Most powerful tsunami in history a wave as high as a multi-storey building

(ORDO NEWS) — The highest tsunami was recorded in 1958 in a narrow bay in Alaska; then the water rose by 524 meters as a result of an underwater earthquake and the features of the relief of the bay. In the open ocean, the wind raises an order of magnitude smaller waves, but their height is still impressive.

In February 2013, the World Meteorological Organization registered a new wave height record: in the cold waters of the North Atlantic, between Iceland and the UK, an automatic weather station recorded a wave 19 meters high.

The wind speed over the surface of the ocean that day reached 81 km/h. The previous record was recorded seven years earlier in approximately the same area and was 18.275 m.

Nineteen meters is a six-story building; a meeting with such a wave would not have survived many of the most modern ships. It is in order to catch such monstrous waves that there is a network of drifting buoys, marine automatic weather stations (Marine Automatic Weather Stations).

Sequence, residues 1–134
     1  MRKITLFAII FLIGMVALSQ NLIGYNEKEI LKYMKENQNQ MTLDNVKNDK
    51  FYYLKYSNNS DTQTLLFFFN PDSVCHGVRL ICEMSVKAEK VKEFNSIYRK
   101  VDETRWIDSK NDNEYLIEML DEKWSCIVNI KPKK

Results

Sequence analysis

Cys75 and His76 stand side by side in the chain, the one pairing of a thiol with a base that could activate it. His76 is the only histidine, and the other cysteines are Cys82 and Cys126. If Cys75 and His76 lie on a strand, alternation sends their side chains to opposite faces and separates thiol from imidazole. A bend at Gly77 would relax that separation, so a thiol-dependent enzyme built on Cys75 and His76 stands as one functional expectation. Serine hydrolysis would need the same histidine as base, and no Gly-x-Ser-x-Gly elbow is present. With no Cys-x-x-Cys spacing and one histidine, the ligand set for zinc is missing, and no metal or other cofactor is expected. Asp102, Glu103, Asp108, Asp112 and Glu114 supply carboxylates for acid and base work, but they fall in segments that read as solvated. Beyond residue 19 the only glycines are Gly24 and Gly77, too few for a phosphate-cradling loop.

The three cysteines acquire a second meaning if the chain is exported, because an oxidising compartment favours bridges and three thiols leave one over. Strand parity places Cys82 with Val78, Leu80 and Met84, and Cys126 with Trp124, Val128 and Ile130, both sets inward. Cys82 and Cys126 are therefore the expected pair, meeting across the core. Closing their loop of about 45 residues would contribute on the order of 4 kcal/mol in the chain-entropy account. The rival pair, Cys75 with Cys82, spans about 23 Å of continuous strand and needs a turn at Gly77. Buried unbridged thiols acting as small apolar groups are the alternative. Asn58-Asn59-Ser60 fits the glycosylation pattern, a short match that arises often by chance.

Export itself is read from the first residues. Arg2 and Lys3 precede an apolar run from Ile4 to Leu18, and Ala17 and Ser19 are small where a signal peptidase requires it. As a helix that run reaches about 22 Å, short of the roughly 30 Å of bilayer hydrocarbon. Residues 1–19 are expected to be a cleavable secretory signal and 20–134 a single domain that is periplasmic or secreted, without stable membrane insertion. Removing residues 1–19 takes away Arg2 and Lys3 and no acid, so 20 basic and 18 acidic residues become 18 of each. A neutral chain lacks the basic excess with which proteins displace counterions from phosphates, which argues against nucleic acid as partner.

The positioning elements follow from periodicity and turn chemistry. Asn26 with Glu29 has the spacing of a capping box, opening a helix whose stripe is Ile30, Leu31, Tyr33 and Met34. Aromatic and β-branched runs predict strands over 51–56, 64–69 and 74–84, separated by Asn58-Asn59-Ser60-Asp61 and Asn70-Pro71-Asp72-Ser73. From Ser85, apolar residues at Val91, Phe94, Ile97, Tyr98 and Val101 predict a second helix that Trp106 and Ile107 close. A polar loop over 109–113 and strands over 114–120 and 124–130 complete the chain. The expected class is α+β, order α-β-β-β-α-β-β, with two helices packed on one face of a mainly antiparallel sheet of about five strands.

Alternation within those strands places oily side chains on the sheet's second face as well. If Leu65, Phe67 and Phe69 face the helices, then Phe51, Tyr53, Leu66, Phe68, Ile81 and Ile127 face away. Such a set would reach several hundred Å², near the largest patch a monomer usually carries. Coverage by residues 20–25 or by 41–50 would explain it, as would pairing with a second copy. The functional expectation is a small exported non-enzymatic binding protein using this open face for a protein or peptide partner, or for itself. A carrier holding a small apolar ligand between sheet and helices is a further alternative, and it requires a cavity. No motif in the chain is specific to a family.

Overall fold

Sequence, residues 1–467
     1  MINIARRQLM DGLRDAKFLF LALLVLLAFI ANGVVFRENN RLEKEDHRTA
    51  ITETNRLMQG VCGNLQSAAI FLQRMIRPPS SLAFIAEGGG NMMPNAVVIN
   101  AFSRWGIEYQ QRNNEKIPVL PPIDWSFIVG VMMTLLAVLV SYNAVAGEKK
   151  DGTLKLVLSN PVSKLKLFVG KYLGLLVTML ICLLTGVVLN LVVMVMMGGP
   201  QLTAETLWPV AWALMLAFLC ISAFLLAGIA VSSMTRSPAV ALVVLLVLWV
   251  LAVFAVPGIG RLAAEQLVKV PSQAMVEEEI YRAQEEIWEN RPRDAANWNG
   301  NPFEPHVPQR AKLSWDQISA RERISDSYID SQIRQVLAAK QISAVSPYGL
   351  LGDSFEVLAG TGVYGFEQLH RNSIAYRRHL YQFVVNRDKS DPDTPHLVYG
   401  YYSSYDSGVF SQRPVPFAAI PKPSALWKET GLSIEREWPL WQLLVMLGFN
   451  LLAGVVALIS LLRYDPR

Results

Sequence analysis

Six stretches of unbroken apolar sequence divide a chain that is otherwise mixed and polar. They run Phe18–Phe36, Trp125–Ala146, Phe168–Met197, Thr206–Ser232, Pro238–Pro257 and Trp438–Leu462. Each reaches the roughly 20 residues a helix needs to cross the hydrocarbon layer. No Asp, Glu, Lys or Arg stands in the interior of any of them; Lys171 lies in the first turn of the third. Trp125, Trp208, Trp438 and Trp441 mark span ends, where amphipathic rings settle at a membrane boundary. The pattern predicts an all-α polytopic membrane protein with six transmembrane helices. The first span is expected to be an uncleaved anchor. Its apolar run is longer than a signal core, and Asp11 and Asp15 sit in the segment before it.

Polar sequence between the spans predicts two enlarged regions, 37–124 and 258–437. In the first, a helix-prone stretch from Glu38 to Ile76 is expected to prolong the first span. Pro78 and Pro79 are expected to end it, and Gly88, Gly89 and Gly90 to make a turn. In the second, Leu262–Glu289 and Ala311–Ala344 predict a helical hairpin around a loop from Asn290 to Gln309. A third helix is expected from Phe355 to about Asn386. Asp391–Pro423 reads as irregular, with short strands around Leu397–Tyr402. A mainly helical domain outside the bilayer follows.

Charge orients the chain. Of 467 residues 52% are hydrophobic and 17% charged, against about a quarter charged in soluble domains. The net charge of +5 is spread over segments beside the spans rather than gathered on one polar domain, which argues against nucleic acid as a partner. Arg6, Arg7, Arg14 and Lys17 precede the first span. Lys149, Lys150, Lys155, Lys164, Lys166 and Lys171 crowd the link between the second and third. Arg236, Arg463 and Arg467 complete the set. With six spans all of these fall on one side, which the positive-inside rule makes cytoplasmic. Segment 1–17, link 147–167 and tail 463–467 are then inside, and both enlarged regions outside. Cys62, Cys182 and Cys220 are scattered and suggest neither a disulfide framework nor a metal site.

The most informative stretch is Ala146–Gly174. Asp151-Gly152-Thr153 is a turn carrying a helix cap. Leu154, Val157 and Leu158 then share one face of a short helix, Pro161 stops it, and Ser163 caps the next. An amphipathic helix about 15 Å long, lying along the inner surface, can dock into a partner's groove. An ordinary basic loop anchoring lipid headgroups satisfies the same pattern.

The 19-meter wave was entered in the Book of Records as “The largest characteristic wave height recorded using a buoy.” This cautious wording arose because there are other methods of measurement, including satellites, and their measurements are sometimes difficult to compare with those performed by automatic buoy stations.

Wave height is the distance between its highest point and the lowest point of the wave ahead. The characteristic wave height is calculated as the average of the highest third of the waves over a selected period of time, so some of the real waves that raged in the Atlantic Ocean in February 2013 could be slightly higher than 19 meters.


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